Saying that the French are passionate people is an understatement. The French culture says it all. They often give their heart and soul in everything they do and they view their government with as much passion too. It’s like a couple madly in love but still adamant in encouraging (forcing) their partners to get rid of their annoying little quirks that drive them nuts.
Like the couple analogy, the French sees their government as an important aspect of their lives and cherish it despite the good and the bad. But the passion they have for their government isn’t just that of a silently observing constituent but more of an aggressive advocate whose patriotism can border to dissent anytime. Unfortunately, the parliament seldom intervenes to hopefully resolve some of these serious arguments between the people and the state.
The recent French presidential elections have captured the attention of the world’s media. Aside from last year’s US elections, few elections in recent memory have attracted so much attention, commentary and anticipation.
In France, the stakes were high. Marine Le Pen of the fascist National Front had, until recent months, been polling ahead of all other parties. The mainstream centre left party, the Socialist Party, had been polling abysmally and scored a catastrophic 6 percent in the first round.
The candidate of the traditional right, François Fillon, was embroiled in scandals and, along with his Socialist rival, Benoît Hamon, failed to make it to the second round, leaving the run-off to be contested by Le Pen and the centre right, neoliberal Emmanuel Macron.
The political landscape on which this historic and unprecedented election has taken place is vast, complex and shaped by decades of economic stagnation, high unemployment, a mainstream centre left that has consistently attacked and betrayed its working class base and the rise and mainstreaming of Islamophobia.
Despite winning the presidential election, protests greeted Macron short after his win as the French people’s way of warning him to stop attacking labor rights even further, which isn’t actually new considering how much the French workers love to protest over the past few decades. It seems as if that the controversial election did not succeed in demoralizing the French union movement after all.
Macron had another advantage: he put forth a seemingly reasonable program for curing France’s economic ills, which are critical: government spending at 57% of GDP, the highest in Europe; a retirement age of 62 and a 35-hour workweek; 3,500 pages of employment regulations; an unemployment rate of nearly 10% (double that for those under 25); a GDP growth rate barely over 1%; public debt at nearly 90% of GDP; an income tax rate topping out at 45%; nine million people living below the poverty line; and welfare spending at nearly 32% of GDP. Macron promises to tackle the job and growth-killing policies that have created these dismal numbers, but he’s unlikely to have a parliamentary coalition big enough to get such reforms through. Don’t forget, about a third of the French voters cast a “pox on both your houses” vote, either abstaining or casting a blank or spoiled “white ballot.” This suggests a fragile foundation for Macron’s future government.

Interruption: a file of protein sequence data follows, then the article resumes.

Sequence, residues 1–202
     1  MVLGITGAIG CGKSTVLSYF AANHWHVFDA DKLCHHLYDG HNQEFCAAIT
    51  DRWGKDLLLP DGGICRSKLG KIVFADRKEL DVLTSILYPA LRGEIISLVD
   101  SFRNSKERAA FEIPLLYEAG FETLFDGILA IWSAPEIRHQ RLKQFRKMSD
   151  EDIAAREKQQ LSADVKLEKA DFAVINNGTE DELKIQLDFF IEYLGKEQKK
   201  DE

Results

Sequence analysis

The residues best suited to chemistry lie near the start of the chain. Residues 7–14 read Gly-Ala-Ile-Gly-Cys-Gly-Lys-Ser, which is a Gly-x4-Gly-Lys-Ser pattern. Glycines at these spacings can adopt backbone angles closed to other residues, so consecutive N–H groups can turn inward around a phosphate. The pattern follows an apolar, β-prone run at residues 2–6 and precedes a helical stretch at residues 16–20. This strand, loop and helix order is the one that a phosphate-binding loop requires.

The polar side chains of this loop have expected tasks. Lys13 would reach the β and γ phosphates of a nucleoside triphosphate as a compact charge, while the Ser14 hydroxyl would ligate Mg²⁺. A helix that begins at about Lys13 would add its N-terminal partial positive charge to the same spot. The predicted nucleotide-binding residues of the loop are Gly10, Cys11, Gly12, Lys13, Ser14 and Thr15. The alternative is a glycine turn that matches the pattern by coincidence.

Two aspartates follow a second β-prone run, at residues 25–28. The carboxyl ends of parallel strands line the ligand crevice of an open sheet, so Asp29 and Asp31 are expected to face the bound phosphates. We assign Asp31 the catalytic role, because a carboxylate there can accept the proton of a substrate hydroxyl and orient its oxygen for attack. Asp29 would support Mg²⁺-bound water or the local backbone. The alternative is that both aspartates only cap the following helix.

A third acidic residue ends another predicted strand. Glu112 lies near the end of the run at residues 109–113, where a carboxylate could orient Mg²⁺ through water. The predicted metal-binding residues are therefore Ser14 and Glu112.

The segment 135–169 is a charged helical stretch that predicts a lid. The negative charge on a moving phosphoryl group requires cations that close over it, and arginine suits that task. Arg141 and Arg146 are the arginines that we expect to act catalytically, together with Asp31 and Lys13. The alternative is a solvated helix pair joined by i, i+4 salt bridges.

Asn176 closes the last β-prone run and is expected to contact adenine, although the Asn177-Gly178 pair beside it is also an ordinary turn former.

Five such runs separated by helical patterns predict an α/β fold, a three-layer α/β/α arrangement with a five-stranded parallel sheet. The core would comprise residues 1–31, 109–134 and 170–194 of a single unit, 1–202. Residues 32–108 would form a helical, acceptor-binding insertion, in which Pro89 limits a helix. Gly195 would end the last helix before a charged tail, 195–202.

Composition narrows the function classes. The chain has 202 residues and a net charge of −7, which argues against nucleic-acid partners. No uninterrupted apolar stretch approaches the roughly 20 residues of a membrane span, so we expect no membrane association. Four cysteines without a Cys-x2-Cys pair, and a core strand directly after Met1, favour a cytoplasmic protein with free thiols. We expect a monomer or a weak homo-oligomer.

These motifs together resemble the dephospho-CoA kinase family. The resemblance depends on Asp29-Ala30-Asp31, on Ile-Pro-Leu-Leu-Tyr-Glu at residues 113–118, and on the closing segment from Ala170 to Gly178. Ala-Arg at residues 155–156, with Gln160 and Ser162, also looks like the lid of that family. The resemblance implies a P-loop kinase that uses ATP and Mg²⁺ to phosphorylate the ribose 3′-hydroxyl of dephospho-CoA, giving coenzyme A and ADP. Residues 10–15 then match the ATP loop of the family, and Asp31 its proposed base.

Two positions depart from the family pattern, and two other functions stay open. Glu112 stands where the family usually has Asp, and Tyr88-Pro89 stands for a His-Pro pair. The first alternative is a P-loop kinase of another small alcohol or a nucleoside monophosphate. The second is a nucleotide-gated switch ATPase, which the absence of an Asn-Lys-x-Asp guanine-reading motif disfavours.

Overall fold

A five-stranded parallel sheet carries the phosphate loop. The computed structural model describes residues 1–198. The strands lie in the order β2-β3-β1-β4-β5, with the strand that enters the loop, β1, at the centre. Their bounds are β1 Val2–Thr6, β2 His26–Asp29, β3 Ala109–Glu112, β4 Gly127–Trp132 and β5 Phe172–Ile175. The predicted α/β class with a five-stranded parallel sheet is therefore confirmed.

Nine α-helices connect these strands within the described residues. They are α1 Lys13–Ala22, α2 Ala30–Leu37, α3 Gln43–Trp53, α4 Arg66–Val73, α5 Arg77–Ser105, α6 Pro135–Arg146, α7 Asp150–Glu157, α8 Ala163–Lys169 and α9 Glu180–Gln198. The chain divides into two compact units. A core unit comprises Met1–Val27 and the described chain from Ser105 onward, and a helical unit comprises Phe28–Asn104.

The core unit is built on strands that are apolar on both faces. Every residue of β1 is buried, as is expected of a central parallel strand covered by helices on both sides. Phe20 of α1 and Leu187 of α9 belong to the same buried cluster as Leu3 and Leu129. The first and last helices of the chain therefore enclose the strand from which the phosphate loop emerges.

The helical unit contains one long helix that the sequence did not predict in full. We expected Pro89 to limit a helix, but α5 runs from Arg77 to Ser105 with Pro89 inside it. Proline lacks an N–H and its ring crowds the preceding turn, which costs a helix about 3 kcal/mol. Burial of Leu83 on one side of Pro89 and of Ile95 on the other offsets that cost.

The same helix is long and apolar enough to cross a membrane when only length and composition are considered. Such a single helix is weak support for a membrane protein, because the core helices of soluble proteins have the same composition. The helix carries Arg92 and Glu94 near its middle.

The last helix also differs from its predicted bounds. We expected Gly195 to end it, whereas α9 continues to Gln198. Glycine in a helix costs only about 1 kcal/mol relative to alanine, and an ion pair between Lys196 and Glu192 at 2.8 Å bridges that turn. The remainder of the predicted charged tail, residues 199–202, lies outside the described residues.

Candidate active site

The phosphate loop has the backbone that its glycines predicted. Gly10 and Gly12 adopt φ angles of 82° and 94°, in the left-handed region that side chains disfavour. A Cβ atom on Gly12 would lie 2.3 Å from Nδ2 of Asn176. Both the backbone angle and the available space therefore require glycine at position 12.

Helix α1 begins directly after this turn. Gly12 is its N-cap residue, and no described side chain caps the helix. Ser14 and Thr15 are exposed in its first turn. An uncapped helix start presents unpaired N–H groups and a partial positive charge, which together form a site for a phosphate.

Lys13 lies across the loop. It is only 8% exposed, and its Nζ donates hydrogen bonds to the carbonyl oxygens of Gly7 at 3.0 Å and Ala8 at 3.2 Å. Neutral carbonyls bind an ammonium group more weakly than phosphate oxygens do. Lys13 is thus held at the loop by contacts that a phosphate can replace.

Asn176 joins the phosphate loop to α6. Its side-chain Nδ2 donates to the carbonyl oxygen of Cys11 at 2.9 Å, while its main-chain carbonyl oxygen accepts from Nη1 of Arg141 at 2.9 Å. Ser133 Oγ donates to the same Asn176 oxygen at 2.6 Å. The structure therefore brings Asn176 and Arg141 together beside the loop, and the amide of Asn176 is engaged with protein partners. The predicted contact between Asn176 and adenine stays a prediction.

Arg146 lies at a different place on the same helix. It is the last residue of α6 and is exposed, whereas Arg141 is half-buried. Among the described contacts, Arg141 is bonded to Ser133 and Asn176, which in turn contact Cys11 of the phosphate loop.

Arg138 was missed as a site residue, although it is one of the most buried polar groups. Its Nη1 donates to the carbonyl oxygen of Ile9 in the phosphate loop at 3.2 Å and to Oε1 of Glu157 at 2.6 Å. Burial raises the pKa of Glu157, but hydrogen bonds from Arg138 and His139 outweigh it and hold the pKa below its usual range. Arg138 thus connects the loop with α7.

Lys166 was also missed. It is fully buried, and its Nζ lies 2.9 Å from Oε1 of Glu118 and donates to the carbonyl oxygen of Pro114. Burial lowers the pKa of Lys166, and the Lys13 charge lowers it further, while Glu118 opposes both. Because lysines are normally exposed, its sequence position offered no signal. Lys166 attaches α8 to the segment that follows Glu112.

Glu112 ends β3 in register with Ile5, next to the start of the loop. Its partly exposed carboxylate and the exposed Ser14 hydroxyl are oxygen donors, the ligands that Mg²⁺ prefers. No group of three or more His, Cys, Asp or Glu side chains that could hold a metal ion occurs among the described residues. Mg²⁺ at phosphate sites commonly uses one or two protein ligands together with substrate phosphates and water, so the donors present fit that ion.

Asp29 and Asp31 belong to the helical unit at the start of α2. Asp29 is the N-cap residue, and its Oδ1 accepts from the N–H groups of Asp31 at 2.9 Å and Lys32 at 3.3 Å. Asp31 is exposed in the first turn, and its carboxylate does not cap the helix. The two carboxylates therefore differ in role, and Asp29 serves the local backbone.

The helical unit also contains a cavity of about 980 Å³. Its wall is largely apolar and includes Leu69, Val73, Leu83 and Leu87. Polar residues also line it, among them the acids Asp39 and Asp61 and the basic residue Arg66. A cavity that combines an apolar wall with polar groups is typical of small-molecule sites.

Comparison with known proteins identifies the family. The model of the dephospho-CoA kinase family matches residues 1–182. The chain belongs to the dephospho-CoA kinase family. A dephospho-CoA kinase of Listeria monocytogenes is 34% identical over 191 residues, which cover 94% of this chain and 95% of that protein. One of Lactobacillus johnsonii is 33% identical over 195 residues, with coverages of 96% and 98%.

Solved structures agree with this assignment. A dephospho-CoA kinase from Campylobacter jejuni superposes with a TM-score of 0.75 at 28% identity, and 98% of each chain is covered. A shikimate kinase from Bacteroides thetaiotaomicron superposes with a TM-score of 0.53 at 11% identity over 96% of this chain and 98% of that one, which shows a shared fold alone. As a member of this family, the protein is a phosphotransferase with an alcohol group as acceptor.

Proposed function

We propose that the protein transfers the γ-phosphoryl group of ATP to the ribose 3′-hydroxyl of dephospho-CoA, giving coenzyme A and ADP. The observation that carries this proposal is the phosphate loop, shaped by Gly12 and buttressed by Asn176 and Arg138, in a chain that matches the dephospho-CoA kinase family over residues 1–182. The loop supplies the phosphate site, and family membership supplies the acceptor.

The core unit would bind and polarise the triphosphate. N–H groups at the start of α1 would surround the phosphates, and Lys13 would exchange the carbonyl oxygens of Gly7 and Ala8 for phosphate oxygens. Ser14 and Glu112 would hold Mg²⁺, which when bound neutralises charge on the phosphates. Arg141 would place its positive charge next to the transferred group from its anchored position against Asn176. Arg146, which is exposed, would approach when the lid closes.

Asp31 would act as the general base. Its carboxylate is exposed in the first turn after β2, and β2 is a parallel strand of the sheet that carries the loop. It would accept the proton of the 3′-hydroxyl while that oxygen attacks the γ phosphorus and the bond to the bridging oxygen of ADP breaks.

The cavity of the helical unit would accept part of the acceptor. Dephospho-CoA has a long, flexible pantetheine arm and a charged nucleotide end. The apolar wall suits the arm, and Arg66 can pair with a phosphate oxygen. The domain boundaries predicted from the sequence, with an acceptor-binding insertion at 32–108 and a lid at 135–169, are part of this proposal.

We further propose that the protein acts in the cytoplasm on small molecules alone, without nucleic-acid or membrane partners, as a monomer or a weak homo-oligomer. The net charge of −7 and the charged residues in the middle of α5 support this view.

And if he tries to follow through on his campaign promises, he will likely meet stiff resistance from critics of “neoliberalism,” the epithet in Europe for free-market capitalism. In March 2006, 2.7 million mostly young French people protested against a minor reform of employment law that would allow entry-level workers to be more easily let go. And that was when the president was Jacques Chirac, a socialist who decried “Anglo-Saxon ultraliberalism,” Euro-speak for laissez-faire capitalism. Ten years later, socialist prime minister Manuel Valls faced nationwide riots and protests, some broken up with tear gas, over other employment reforms, which he had to get passed by invoking special powers and bypassing parliament. President Macron and his “neoliberal” reforms are unlikely to be any more successful, given the strength of Mélanchon’s support, the disaffection with Macron of a third of French voters, and the French people’s enduring love for their short work-week and generous subsidies.
France’s young president has a huge obstacle to overcome in the form of massive unemployment and slow economic growth that has proven to be quite difficult to overcome for quite some time now. Moreover, he’ll likely face an ever-increasing national debt as France tries its best to provide the basic social benefits of its people. If he can’t do anything about these issues, the French would likely take to the streets once more to air their grievances in protest because it has worked for them in the past. We just don’t know, though, whether it will still be an effective tactic because its effects seem to have weakened over the past few years.